For more information on replacing or repairing a septic system, contact Morse Engineering and Construction.

Selling a Home that Failed Title 5 Inspection

- Friday, July 15, 2022
Septic System Construction - Fiskdale, MA

Q. I am selling a home that has a failed Title 5 inspection. What are my seller’s options? h3

It is a common misunderstanding that a property must have a passing Title 5 inspection for title to transfer. What the law requires is that a pre-sale inspection occurs within 2 years before a transfer takes place. A failed Title 5 is one of the most frequent stumbling blocks to a successful transaction.

If a property has a failed inspection, the system must be repaired or replaced within 2 years. The current owner or buyer of a property with a failed inspection may enter into an enforceable agreement with the Board of Health requiring them to upgrade the system or connect to the public sewer within 2 years following the transfer of title. If a property owner has entered into this type of agreement, they must disclose it to prospective buyers, and it must be binding on subsequent owners.

The most straightforward option available to sellers with a failed Title 5 inspection is to repair or replace the septic system prior to transfer. However, this may not be a viable option for all sellers because of the expense involved. In these situations, the seller and buyer may negotiate a resolution that satisfies both the requirements of the law as well as the financial well-being of all parties involved.

It is also important to remember that an inspection is not required before a transfer in the following situations:

Refinancing or any situation where no new parties are introduced;

  • A transfer between spouses;
  • A transfer between parents and child(ren);
  • A transfer between full siblings; and
  • Where the property is held in a trust.

For more information on replacing or repairing a septic system, contact Morse Engineering and Construction.


FAQs on Septic Systems

- Thursday, July 07, 2022
Morse Engineering and Construction Industries - Septic System Construction Fiskdale, MA

How do I find a copy of my septic system's design?

Typically, a septic system is permitted and inspected by your local permitting authority, most often the local health or environmental department. You can contact them to obtain a copy of your property’s septic record drawing (the “as-built” design) and copies of the permit. The permit may also have additional information on your system, such as the date of installation, soil properties, etc.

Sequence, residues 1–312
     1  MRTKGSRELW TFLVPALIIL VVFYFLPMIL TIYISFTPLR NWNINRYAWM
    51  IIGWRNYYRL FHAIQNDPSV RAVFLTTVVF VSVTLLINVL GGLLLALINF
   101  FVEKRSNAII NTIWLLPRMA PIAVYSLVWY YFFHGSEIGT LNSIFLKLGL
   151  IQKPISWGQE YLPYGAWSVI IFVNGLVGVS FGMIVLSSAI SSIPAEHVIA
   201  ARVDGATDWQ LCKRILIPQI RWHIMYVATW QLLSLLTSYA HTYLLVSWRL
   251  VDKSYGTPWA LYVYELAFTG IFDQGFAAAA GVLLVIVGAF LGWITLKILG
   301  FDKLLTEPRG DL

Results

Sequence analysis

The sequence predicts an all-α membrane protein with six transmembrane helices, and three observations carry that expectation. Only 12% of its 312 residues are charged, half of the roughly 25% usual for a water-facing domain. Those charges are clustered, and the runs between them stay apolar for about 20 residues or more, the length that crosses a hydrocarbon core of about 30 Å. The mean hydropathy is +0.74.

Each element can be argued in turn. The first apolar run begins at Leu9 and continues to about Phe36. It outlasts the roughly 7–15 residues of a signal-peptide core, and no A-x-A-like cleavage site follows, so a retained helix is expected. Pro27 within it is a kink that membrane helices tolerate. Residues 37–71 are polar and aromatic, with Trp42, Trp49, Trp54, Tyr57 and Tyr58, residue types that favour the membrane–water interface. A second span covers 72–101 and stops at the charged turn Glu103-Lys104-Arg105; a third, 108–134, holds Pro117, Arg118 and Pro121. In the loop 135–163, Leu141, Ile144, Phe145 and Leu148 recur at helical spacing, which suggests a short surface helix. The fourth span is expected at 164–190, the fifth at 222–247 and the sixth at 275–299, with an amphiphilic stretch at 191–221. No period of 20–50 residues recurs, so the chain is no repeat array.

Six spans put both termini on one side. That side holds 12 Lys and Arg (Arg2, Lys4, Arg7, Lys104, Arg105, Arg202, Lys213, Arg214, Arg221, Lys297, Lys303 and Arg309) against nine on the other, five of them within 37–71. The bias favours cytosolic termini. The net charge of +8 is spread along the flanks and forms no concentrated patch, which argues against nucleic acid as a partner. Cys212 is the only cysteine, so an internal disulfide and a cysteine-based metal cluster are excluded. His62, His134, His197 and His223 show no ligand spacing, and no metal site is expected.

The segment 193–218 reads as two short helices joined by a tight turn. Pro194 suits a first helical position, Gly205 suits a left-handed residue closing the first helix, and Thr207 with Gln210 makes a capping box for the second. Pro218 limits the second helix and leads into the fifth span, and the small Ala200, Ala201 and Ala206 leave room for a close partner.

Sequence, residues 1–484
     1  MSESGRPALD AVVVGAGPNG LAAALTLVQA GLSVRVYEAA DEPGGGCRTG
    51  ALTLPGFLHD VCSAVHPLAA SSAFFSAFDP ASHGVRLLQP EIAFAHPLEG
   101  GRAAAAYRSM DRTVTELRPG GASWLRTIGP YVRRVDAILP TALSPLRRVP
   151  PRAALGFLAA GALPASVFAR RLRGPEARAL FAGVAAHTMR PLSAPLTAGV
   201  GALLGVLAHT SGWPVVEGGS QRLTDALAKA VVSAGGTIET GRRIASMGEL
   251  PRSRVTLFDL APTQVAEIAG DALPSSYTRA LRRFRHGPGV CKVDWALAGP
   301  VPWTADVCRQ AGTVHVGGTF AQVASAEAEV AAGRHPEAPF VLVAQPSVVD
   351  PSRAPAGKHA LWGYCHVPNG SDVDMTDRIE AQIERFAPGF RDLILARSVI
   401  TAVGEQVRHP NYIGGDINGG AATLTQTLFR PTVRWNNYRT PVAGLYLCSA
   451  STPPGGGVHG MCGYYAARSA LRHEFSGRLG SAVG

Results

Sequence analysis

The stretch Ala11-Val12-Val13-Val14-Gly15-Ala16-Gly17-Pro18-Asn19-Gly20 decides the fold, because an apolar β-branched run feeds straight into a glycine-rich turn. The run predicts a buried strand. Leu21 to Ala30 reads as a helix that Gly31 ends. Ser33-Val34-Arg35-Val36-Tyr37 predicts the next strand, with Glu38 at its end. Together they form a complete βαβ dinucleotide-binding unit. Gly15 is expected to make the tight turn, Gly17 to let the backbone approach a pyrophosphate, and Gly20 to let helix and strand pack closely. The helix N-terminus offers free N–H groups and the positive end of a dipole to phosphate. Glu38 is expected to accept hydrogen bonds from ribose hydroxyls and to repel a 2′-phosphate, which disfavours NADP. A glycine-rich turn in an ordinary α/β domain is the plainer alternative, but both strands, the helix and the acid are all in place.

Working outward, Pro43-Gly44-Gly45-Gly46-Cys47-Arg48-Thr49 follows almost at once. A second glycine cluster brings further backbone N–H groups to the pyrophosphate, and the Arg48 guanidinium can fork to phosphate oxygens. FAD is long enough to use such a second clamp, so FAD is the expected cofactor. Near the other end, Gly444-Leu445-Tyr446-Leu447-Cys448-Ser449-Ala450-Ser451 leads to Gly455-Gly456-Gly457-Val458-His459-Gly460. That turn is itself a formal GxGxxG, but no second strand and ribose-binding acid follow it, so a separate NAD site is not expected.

Where should septic tanks be placed?

Your local health department may have septic tank placement requirements and a minimum setback distance from your foundation. Typically, it should be located on level ground so solids can settle in the tank. The location of the plumbing outlet usually dictates where the tank is located and depth of the tank to account for adequate slope on the inlet pipe. Septic tanks should be placed away from areas subject to flooding and surface water ponding. The tank should be properly vented. Avoid steep slopes and areas of dense tree roots or other obstructions. Also, place the septic tank where it is accessible for future inspections and pump outs.

How close can a septic tank be to a property line?

Isolation distances from septic tanks to property lines are typically part of local or state permitting regulations. Contact your local permitting authority which is most often the local health or environmental department for specific requirements in your area. Your local zoning regulations may also include setbacks to various features like buildings and property lines.

How do I get a permit for the repair, new construction, or replacement of a septic system?

A septic system permit is issued by your local permitting authority which is most often the local health or environmental department. You can apply for the permit yourself, or the contractor hired to build the system can obtain it on your behalf. Check with your local municipality in the event they also require additional permits to install your system.

Is one type of septic system better than another?

The type of septic system for your home depends on a variety of factors, such as lot size, ground slope, soil conditions, size of the home/occupancy, local/state regulations, and your budget. Some properties can be served by a conventional gravity septic tank and drainfield, while others may require advanced technologies for wastewater treatment or alternate drainfields – like low pressure pipe or drip distribution systems. For more information on the most common types of septic systems, visit EPA's Types of Septic Systems. Some advanced treatment systems have test results demonstrating their treatment performance.

For more information, contact Morse Engineering and Construction.


What Can Cause Septic Systems to Fail?

- Friday, July 01, 2022
Morse Engineering and Construction - Failing Septic System

If the amount of wastewater entering the system is more than the system can handle, the wastewater backs up into the house or yard and creates a health hazard.